At the same time, he is reminding the public that the PM seems to be putting wealth ahead of health. Only today, No.10 told us that the reason Sage’s advice was rejected was because it receives advice not just from scientists but from “economists” and “ultimately for ministers to make decisions”.
There are other political benefits for Starmer too. He’s seen to be the defender of independent scientific advice. He exploits Tory splits (those liberty loving backbenchers were on the march tonight in decent numbers) while offering his support in any vote on a circuit break. He papers over Labour divisions about local lockdowns by creating a unifying, “we’re all in it together” set of national rules. And he also rams home his message that test-and-trace has to stop being a national outsourced disaster zone and start being a locally-run success.
Given that the public have shown in polls they want tougher curbs (YouGov shows a big majority for the circuit break tonight), Starmer is also managing to punch way above the weight of his rump of a party (and don’t forget its numbers in parliament are pitifully low). His emphasis on keeping schools open also underscores that this crisis is not just about “lives and livelihoods” but that third leg of “life chances”.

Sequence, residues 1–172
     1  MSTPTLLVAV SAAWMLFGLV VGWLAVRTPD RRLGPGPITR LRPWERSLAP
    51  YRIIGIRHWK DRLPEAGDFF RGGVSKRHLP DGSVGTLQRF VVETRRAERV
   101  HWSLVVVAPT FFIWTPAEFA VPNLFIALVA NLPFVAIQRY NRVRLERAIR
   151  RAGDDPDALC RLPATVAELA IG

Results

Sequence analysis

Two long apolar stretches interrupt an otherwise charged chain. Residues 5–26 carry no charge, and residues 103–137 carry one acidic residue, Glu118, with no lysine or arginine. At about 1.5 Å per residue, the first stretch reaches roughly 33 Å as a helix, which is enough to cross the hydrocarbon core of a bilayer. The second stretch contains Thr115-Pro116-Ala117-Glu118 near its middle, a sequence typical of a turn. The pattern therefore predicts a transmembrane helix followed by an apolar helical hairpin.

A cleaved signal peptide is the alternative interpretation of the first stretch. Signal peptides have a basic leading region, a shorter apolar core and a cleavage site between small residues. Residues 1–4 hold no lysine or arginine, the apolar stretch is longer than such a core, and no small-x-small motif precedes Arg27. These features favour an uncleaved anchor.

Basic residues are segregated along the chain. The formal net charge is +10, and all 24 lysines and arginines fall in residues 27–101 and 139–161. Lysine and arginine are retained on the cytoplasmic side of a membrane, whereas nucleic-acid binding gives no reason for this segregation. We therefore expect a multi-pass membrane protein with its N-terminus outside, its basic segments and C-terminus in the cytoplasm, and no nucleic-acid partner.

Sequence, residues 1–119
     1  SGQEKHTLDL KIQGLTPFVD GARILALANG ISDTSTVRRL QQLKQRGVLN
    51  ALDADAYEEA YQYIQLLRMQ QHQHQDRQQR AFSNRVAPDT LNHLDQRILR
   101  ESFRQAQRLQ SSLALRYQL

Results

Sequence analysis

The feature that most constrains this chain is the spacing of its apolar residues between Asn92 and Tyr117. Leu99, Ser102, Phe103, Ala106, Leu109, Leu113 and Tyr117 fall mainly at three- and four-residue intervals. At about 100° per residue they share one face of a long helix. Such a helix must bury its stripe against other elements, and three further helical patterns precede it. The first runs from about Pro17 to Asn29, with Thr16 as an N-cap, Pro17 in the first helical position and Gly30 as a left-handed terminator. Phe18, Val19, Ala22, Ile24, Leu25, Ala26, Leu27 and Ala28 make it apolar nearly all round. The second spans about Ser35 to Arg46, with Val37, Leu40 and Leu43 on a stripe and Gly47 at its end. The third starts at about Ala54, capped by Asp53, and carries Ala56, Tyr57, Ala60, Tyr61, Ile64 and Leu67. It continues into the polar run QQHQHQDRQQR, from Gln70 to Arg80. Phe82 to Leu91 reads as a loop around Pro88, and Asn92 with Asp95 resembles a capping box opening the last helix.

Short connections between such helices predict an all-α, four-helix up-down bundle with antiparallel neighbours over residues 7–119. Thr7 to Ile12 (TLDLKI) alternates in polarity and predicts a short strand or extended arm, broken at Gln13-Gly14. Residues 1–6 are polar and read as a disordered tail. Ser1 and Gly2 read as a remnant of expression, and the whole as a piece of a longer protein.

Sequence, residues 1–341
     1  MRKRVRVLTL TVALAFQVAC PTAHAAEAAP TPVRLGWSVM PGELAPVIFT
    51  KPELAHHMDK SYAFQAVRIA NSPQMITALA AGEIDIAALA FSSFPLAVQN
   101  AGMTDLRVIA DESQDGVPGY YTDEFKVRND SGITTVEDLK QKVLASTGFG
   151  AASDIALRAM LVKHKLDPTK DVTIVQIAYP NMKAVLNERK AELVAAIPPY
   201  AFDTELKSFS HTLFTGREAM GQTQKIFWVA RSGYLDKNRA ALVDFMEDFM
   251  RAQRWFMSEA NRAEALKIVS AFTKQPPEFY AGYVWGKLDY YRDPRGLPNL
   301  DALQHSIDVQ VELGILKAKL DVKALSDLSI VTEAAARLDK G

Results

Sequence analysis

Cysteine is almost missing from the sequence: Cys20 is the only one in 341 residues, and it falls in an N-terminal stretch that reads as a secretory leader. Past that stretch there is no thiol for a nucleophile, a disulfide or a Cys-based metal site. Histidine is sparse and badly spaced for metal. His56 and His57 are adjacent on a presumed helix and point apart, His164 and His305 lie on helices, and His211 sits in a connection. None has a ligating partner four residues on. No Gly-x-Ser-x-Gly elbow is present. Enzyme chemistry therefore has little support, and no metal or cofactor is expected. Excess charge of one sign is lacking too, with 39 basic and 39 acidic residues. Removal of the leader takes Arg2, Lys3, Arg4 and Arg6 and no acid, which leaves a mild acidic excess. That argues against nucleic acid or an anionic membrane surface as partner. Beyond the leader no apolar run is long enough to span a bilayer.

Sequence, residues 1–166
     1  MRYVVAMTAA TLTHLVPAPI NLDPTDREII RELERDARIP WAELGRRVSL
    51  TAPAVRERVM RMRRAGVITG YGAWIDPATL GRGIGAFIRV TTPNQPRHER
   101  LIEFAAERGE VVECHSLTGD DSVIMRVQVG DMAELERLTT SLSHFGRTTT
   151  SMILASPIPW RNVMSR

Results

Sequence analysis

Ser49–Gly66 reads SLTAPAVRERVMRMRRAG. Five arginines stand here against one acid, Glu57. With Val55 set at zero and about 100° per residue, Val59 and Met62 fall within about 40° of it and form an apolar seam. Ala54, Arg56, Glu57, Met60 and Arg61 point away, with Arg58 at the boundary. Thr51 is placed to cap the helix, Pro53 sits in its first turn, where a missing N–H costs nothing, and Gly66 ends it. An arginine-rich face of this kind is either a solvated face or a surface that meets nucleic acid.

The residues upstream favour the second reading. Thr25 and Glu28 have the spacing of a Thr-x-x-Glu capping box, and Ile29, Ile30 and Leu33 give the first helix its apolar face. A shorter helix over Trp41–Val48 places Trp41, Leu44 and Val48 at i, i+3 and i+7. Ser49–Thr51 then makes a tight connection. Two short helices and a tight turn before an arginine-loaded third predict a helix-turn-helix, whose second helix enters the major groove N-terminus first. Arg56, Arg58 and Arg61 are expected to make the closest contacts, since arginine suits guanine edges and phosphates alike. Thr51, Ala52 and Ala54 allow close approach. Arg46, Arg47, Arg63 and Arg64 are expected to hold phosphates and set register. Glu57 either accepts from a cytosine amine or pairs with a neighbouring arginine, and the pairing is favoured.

Most importantly, politics is often about owning the future, and if this comes off Starmer can say he owned it even for a few weeks. Taking the lead of his mayors Sadiq Khan (first to call for mask wearing) and Andy Burnham (first to call for local control of test and trace), he’s also learning that being bold can pay dividends.
Johnson, by contrast, has lost his boldness in the eyes of many of the Blue Wall voters who backed him on Brexit. It was just before that Marr interview this month that the PM said the reason the virus was spiking was because “everybody got a bit, kind of complacent and blasé”. That’s the very charge now levelled at his door in his handling of the pandemic. And Starmer’s biggest alternative of all tonight has been to show the public he’s an alternative PM.